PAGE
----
Social Studies and Science in Our Classical / Charlotte Mason Homeschool

Friends, welcome to the third week of the Virtual Curriculum Fair hosted by Homeschooling Hearts and Minds. If you have missed my previous posts in this series, I would like to invite you to read Week One (Language Arts) and Week Two (Math and Logic). For the third week, participating bloggers are discussing social studies and social sciences.

Our family enjoys immersing ourselves in periods of history. We are nerdier than your average nerds. Our entire course of study is framed around the respective period of history we select for the year. We travel through history chronologically. I use The Well-Trained Mind book as a primary guideline for determining the cycle of history we study each year.

The Well-Trained Mind recommends the study of history in a set chronological cycle.

Ancients - 5000 B.C. to A.D. 400 (Grades 1, 5, 9)
Medieval / Early Renaissance - A.D. 400 to 1600 (Grades 2, 6, 10)
Late Renaissance / Early Modern - A.D. 1600 to 1850 (Grades 3, 7, 11)
Modern - A.D. 1850 to Present (Grades 4, 8, 12)

Currently, we are studying at the 8th grade level with a few dual-credit classes for high school. I use The Well-Trained Mind as a guide for biographical figures, book recommendations, and information on resources. This year we are studying Modern World History and American History simultaneously. Next year, we plan to cycle back to the Ancients to officially kick-off our high school studies.

After over a decade of studying history chronologically, it is still a challenge to get all of our resources to correlate in a perfect manner. We use many social science resources from several publishers and each company provides a unique chronological timeline of study. I adapt various resources to fit within the general cyclical timeline above.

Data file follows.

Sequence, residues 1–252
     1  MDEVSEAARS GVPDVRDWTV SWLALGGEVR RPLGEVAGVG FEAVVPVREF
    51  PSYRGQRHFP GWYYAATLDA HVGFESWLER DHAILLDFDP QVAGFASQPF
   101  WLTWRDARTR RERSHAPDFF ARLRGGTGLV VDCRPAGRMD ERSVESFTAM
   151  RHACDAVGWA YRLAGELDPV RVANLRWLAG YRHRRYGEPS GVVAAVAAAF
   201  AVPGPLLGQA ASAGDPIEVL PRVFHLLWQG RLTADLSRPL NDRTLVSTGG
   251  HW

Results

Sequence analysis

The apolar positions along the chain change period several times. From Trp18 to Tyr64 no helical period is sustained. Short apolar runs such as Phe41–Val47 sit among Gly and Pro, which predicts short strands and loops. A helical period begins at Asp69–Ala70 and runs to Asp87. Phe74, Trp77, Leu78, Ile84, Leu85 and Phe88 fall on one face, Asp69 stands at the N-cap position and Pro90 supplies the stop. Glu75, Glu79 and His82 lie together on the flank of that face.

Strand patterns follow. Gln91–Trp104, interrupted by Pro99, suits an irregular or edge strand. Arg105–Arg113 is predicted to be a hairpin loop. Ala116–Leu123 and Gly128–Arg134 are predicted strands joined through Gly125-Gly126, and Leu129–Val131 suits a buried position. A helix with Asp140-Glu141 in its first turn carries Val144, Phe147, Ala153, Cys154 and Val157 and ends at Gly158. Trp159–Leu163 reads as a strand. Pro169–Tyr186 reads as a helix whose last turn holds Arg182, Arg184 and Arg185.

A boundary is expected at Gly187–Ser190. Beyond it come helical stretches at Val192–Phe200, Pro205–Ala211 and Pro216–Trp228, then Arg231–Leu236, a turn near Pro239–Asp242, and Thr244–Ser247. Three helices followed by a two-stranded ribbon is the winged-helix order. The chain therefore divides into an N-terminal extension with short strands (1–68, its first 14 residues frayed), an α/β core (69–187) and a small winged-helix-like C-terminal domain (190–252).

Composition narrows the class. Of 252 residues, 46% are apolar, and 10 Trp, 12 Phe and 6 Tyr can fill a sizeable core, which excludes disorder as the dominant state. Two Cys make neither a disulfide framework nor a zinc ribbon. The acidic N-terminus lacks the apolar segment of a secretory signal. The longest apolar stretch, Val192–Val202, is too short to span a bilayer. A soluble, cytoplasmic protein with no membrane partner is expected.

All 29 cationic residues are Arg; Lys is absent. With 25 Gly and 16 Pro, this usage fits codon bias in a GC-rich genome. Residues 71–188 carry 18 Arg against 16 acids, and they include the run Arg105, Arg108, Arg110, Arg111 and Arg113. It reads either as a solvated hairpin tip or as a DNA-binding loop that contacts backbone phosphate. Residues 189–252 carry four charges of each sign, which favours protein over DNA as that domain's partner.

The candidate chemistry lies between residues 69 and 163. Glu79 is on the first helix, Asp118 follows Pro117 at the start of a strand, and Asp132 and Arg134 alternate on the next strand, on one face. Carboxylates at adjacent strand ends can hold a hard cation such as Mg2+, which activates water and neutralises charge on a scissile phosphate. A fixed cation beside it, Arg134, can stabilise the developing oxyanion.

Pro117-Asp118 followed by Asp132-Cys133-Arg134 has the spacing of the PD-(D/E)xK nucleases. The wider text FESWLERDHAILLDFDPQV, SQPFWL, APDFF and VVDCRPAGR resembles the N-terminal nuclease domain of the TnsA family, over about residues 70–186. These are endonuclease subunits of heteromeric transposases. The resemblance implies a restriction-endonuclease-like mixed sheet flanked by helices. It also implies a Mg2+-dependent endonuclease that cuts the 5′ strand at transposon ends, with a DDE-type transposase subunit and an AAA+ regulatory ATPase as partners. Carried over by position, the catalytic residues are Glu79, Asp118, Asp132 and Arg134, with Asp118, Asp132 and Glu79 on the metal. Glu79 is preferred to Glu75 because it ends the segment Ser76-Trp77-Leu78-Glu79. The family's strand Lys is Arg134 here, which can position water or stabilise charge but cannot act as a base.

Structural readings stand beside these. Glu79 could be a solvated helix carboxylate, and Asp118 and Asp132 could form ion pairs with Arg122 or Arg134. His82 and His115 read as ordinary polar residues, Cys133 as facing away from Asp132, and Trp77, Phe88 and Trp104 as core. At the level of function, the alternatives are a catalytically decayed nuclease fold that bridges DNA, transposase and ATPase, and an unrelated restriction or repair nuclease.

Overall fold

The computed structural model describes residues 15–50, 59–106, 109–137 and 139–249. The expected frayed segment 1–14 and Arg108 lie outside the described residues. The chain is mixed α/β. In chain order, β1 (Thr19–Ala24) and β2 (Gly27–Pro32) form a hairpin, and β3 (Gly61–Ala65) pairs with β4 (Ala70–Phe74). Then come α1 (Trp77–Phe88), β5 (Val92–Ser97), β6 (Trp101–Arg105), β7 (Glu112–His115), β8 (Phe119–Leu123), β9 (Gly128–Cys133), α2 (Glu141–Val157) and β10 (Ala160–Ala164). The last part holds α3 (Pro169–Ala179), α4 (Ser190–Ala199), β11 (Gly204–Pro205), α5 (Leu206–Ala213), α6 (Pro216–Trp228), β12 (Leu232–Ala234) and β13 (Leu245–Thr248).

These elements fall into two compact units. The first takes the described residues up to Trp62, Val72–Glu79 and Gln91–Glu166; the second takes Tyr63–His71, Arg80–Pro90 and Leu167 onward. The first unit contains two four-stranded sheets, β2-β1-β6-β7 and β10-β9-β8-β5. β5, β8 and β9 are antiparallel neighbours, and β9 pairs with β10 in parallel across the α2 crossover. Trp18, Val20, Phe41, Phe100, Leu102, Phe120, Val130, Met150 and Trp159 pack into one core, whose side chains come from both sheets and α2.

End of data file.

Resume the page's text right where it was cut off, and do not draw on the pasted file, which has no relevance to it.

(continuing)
World History and Geography

This year we are studying the era AD 1800 to 1950 for our studies in history and geography. Our core curriculum spine this year is World Empires, World Missions, World Wars in the History Revealed series by Diana Waring. One thing I absolutely love about Diana's resources is they are not traditional textbooks. The History Revealed program is a fantastic guidebook to a delight-directed, thematic unit-study through history eras. This program is even complimentary to Charlotte Mason and Classical educational philosophies!

 photo F784DFCF-93BD-4775-A30E-671682EB9D43_zpsxpwymu6c.jpg 

Basically, we take World Empires, World Missions, World Wars as the spine and we wrap everything around each unit of study. This is not a standard history course! The curriculum is multi-disciplinary and we explore many subjects in an interconnected way. Some of these subjects include:
  • Bible
  • History
  • Geography
  • Literature
  • Music
  • Art
  • Architecture
  • Science
This curriculum supports the eight intelligences, varied learning styles, and is geared towards researching topics of study and expressing learning through various student projects. Some of the projects we work on include:
  • investigating/reporting
  • mapping
  • creative writing
  • charting/compiling
  • poetry
  • graphic design
  • art
  • dramas
  • kits
  • cooking
  • musical performances
  • Lego building

You might wonder the nuts and bolts of how our studies work. We cover a great deal of ground with this one spine. I will share a brief glimpse into our studies. World Empires, World Wars, World Missions is comprised of Nine Units. Each Unit covers approximately one month of study over four weeks. Each week focuses on a specific phase of study and there are four phases in each unit.

Phase One is the Introductory Week. We immerse ourselves in the research of the period. We read the informative introductory article in the text, listen to Diana's engaging audios, share meaningful discussions with questions provided, and begin selecting books for our research. Our tutorial program (similar to a co-op) meets for Phase One and covers the material for the introductory week. Students begin to explore streams of study as they develop interest in particular topics introduced in the unit.

 photo 9A3618C3-A7EE-43B2-B513-4325BC9974BC_zpsqets8nhd.jpg 

Phase Two is the Research and Reporting Week. The research week is a focused time of study in a stream of interest provided in the unit. Diana provides introductory material that covers a great deal of topics, historical figures, and events. Students select the topic that interests them most, conducts research via books, resources, and online references. They demonstrate their research through written and/or oral reports, essays, posters, project boards, models, or other method of reporting. We meet with our tutorial program to have a time of sharing. Our class of thirteen students typically follow different streams of study and this provides an opportunity for them to learn from one another in a collaborative environment. For example, in Unit Five (during the month of January) the students reported on World Missions, Wright Brothers, Reconstruction, Russian Revolution, Russo-Japanese War, Abraham Lincoln, and Marie Curie. Each student conducted their own independent research and shared a report with our class.